Credit rating agency S&P Credit Ratings warned on Thursday that Hong Kong’s looming record deficit would weaken its fiscal health, while growing social spending driven by increasingly tough challenges facing the city would only worsen the situation.
The American firm forecast the economy would shrink 1 per cent this year – after contracting 1.2 per cent last year – due to a combination of the US-China trade war, violent social unrest and the deadly coronavirus outbreak. The epidemic alone would shave 1.2 percentage points from the GDP in 2020, they predicted.
The forecast falls within the government’s estimated range of between 0.5 per cent growth and 1.5 per cent decline.
“We expect a gradual structural weakening in Hong Kong’s fiscal position in the absence of revenue measures, given acute social spending needs,” S&P said in a statement.
Despite the hurdles, Hong Kong’s credit rating – AA+ with a stable outlook – remains the same.
The city’s ratings have been a source of concern in the past few months, with rating agency Moody’s Investors Service downgrading it from Aa2 to Aa3 in January, while Fitch Ratings cut it from AA+ to AA last September.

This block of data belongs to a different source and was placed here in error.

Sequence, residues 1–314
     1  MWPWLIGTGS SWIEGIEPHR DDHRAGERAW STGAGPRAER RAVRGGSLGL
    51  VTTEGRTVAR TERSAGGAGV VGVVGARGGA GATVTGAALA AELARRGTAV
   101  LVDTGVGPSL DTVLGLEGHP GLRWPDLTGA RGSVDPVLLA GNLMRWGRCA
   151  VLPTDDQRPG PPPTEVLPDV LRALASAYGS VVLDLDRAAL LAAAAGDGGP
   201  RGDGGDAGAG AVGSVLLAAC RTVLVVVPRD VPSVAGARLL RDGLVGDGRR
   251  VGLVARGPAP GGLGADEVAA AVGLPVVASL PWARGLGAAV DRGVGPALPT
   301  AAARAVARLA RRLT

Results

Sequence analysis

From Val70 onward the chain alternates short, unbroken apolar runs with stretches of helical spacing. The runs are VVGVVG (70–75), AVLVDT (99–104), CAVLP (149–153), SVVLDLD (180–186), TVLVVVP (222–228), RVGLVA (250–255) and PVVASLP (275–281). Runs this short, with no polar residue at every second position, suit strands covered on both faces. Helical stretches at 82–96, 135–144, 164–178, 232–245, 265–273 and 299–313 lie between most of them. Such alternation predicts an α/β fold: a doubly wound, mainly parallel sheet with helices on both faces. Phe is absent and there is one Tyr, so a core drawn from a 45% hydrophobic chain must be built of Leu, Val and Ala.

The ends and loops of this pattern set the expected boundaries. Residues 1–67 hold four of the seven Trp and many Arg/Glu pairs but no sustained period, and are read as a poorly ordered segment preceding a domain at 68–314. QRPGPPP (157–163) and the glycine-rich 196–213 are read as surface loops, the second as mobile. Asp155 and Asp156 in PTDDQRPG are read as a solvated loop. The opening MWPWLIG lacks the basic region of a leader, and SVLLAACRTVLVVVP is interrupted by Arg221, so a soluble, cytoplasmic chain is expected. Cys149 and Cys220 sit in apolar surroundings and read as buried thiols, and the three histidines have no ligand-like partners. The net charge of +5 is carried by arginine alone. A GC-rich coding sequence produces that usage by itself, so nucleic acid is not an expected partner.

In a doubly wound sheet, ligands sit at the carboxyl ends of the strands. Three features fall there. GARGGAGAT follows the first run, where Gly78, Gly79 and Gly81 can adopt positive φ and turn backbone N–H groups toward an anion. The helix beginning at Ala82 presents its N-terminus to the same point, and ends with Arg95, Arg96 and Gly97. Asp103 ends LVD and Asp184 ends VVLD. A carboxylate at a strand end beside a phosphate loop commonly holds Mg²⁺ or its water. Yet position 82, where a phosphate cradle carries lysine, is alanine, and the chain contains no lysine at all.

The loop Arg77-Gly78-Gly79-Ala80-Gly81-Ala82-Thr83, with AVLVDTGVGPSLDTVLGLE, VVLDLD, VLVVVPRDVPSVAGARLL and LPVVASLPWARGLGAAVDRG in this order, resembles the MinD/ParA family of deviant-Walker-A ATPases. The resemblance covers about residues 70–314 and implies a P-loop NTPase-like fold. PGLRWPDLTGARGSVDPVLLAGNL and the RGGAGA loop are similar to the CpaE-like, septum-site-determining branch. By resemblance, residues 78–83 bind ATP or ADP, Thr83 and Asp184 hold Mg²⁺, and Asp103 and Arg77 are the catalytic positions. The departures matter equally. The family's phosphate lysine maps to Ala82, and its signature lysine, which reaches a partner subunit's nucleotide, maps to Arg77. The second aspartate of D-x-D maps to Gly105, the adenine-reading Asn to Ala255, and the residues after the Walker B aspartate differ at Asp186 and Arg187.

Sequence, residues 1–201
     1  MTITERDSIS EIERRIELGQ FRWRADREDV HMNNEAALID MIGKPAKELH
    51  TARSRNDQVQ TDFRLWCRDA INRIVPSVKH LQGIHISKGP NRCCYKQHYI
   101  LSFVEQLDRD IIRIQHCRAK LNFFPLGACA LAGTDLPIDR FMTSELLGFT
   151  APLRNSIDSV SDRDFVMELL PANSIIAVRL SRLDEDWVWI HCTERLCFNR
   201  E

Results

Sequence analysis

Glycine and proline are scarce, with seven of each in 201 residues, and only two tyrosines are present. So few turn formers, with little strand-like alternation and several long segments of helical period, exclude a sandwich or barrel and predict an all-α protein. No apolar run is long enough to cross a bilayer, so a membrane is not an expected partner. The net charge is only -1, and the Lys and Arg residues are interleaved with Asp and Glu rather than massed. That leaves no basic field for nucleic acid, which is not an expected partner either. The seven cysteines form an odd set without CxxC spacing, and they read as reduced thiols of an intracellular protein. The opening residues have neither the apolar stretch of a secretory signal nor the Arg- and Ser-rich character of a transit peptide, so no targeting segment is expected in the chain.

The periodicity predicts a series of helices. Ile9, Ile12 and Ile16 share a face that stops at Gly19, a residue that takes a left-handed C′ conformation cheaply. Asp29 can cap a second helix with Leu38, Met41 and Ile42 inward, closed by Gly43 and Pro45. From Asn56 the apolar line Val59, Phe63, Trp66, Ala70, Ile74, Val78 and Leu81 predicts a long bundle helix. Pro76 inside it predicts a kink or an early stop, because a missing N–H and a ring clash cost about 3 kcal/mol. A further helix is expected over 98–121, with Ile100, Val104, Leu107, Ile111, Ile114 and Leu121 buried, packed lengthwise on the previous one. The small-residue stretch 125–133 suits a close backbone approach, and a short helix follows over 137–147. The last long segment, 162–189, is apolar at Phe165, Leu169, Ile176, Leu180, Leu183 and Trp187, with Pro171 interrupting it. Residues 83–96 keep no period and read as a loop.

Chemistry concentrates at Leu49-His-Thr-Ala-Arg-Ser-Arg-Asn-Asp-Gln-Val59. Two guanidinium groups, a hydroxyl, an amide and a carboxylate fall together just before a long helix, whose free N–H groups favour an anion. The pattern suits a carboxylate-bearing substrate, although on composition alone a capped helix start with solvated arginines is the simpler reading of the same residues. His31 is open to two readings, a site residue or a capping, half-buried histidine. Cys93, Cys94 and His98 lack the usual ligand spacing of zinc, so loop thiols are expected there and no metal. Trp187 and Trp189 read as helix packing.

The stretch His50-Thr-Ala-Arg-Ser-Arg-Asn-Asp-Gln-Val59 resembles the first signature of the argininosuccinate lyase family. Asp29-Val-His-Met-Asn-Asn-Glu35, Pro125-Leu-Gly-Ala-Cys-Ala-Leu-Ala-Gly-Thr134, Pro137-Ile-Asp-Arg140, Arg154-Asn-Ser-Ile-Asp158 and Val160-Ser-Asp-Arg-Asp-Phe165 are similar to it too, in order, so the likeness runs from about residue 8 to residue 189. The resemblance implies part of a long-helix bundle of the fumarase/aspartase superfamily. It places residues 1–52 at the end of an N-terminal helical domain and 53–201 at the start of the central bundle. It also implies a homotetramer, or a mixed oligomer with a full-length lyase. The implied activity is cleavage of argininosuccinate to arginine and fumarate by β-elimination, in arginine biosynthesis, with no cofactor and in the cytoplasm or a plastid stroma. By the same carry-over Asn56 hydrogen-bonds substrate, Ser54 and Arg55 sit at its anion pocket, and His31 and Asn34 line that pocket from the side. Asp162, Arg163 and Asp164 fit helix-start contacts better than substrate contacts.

Both said they were concerned about the impact of the political unrest on the city’s future, particularly Moody’s, which said the government lacked any tangible plan to resolve the political and economic issues facing it.
Financial Secretary Paul Chan Mo-po revealed on Wednesday the city would face an all-time high deficit of HK$139 billion for the 2020/2021 financial year due largely to a one-off outlay of HK$120 billion for relief measures. The measures include both a large-scale cash handout for individuals and targeted support for companies across a variety of sectors.
S&P said the city’s large fiscal reserve, which the government estimated to be HK$1.13 trillion on March 30, would help absorb the budgetary expenses.
The credit agency said it expected the government’s spending in housing, education and health care to rise as it addressed the underlying issues of violent protests and a significantly divided society. After kicking off in June last year, opposition to a now-defunct extradition bill morphed into a wider anti-government movement, with protests becoming violent.
S&P also urged the government to find new revenue sources and boost public sector efficiency to avoid continued deficits.
“Without these measures, Hong Kong’s fiscal reserves may be run down more quickly than the government expects, to below 25 per cent of GDP by the end of financial year 2024/2025,” the report read.